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I have a list of integer values (List) and would like to generate a string of comma delimited values. That is all items in the list output to a single comma delimted list.

My thoughts... 1. pass the list to a method. 2. Use stringbuilder to iterate the list and append commas 3. Test the last character and if it's a comma, delete it.

What are your thoughts? Is this the best way?

How would my code change if I wanted to handle not only integers (my current plan) but strings, longs, doubles, bools, etc, etc. in the future? I guess make it accept a list of any type.

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up vote 139 down vote accepted

It's amazing what the Framework already does for us.

List<int> myValues;
string csv = String.Join(",", myValues.Select(x => x.ToString()).ToArray());

For the general case:

IEnumerable<T> myList;
string csv = String.Join(",", myList.Select(x => x.ToString()).ToArray());

As you can see, it's effectively no different. Beware that you might need to actually wrap x.ToString() in quotes (i.e., "\"" + x.ToString() + "\"") in case x.ToString() contains commas.

For an interesting read on a slight variant of this: see Comma Quibbling on Eric Lippert's blog.

Note: This was written before .NET 4.0 was officially released. Now we can just say

IEnumerable<T> sequence;
string csv = String.Join(",", sequence);

using the overload String.Join<T>(string, IEnumerable<T>). This method will automatically project each element x to x.ToString().

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List<int> does not have method Select in framework 3.5 unless I am missing something. – ajeh May 23 '14 at 20:05
@ajeh: You're probably missing a using statement. – jason May 25 '14 at 13:17
Which specific import? – ajeh May 26 '14 at 15:21
Try System.Linq.Enumerable (and of course you'll need System.Core.dll assembly, but presumably you already have that). You see, List<int> never has Select as a method. Rather, System.Linq.Enumerable defines Select as an extension method on IEnumerable<T>, of which List<int> is an example of. Thus, you need System.Linq.Enumerable in your imports to pick this extension method up. – jason May 27 '14 at 22:24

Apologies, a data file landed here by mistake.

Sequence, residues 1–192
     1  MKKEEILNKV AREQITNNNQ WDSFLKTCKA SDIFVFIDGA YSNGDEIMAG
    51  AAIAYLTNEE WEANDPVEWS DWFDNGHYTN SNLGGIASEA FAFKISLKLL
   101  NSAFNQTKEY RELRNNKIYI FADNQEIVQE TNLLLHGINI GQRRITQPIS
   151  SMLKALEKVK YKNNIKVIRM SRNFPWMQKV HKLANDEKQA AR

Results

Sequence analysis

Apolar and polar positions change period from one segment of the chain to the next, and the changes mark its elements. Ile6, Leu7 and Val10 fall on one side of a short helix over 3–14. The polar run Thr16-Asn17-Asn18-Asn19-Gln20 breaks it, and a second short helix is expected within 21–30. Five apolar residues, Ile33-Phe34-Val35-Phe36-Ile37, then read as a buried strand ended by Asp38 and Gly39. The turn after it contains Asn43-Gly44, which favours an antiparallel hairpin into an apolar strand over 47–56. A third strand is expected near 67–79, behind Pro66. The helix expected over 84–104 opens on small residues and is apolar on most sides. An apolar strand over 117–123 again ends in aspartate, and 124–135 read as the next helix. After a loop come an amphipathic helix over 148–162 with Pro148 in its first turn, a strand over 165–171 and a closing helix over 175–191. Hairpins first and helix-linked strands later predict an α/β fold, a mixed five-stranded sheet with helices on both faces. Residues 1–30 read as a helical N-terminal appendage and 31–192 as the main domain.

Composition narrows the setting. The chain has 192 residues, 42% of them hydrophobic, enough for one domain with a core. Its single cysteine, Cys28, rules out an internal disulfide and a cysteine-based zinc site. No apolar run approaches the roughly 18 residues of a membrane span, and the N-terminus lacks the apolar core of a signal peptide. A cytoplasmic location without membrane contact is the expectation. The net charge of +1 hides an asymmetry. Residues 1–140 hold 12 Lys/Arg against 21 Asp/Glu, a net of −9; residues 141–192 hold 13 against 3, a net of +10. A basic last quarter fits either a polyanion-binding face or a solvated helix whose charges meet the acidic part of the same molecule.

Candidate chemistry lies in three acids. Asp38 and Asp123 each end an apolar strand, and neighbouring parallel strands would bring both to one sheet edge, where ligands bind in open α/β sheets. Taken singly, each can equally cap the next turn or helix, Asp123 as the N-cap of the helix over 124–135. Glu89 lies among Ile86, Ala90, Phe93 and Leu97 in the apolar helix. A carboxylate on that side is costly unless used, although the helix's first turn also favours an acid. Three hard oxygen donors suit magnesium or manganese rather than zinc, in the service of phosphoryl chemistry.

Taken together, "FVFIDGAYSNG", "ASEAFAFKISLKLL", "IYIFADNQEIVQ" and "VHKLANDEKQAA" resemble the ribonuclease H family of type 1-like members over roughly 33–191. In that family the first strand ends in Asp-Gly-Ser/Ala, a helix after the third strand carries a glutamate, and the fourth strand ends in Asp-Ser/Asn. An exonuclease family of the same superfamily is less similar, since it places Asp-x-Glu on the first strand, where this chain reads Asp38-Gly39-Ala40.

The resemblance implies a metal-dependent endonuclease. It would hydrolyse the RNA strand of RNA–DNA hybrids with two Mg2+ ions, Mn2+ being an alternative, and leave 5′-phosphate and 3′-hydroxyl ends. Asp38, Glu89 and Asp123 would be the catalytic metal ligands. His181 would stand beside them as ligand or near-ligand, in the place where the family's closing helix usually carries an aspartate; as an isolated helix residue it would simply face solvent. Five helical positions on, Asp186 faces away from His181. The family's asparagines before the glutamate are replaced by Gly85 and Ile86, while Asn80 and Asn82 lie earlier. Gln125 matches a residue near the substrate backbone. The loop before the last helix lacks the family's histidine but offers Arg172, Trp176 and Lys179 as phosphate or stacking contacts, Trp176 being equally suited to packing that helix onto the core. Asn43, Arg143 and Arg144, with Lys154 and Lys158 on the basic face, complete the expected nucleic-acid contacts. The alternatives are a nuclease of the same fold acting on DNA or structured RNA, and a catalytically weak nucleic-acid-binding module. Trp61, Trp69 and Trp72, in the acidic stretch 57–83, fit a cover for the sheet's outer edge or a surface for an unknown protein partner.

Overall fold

If you're dealing with numeric values and commas are a problem (depending on locale), one alternative is x.ToString(CultureInfo.InvariantCulture). This will use period as decimal separator. – heltonbiker Feb 12 '15 at 12:37

You can use String.Join.

     element => element.ToString()
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No need to specify generic type parameters in call to ConvertAll here - both int and string will be inferred. – Pavel Minaev Dec 11 '09 at 19:01
Thanks for the tip. – João Angelo Dec 11 '09 at 19:03
Instead of doing Array.ConvertAll(...' you can just do list.ConvertAll(e=>e.ToString()).ToArray)`, just less typing. – David Dec 11 '09 at 20:02

You can create an extension method that you can call on any IEnumerable:

public static string JoinStrings<T>(
    this IEnumerable<T> values, string separator)
    var stringValues = values.Select(item =>
        (item == null ? string.Empty : item.ToString()));
    return string.Join(separator, stringValues.ToArray());

Then you can just call the method on the original list:

string commaSeparated = myList.JoinStrings(", ");
share|improve this answer

in 3.5, i was still able to do this. Its much more simpler and doesnt need lambda.

String.Join(",", myList.ToArray<string>());